A Treatise of Human Nature

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Oxford University Press, 2000 - Philosophy - 728 pages
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David Hume's comprehensive attempt to base philosophy on a new, observationally grounded study of human nature is one of the most important texts in Western philosophy. The Treatise first explains how we form such concepts as cause and effect, external existence, and personal identity, and how we create compelling but unverifiable beliefs in the entities represented by these concepts. It then offers a novel account of the passions, explains freedom and necessity as they apply to human choices and actions, and concludes with a detailed explanation of how we distinguish between virtue and vice. The volume features Hume's own abstract of the Treatise, a substantial introduction, extensive annotations, a glossary of terms, a comprehensive index, and suggestions for further reading.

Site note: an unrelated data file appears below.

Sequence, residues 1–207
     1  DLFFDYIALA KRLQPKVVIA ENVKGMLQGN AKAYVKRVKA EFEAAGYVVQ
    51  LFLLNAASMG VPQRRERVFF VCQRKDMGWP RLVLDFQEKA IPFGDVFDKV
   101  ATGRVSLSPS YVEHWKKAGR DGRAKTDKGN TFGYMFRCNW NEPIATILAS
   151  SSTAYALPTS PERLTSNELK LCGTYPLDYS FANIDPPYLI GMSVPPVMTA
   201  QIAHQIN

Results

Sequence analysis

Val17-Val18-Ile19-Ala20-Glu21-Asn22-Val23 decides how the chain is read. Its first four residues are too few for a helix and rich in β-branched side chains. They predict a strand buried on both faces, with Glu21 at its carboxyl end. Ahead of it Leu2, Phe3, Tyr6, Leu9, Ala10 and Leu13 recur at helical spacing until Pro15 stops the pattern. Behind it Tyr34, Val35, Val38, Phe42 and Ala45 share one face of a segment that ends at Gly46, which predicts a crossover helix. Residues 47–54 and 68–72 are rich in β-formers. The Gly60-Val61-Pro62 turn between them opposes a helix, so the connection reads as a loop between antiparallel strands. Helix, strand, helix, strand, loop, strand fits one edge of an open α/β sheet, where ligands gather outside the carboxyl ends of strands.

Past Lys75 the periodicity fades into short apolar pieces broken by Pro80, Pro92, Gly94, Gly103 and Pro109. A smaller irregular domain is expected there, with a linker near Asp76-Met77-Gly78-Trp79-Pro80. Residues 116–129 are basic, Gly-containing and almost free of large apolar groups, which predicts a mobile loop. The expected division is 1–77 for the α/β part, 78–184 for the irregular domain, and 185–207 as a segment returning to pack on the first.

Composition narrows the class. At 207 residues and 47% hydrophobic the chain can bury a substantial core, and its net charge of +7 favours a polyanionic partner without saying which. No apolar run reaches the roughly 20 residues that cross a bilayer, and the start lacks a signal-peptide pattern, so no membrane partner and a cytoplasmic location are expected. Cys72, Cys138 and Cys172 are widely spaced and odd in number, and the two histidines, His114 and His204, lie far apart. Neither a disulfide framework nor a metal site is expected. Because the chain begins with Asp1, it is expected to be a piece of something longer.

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Contents

How to Use this Book 13
103
Editors Introduction 19
109
OF THE UNDERSTANDING
116
Copyright

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About the author (2000)


David Norton is Macdonald Professor of Moral Philosophy and Co-director of the Hume Society/National Endowment for the Humanities Institute on the Philosophy of David Hume.

Mary J. Norton is an independent scholar

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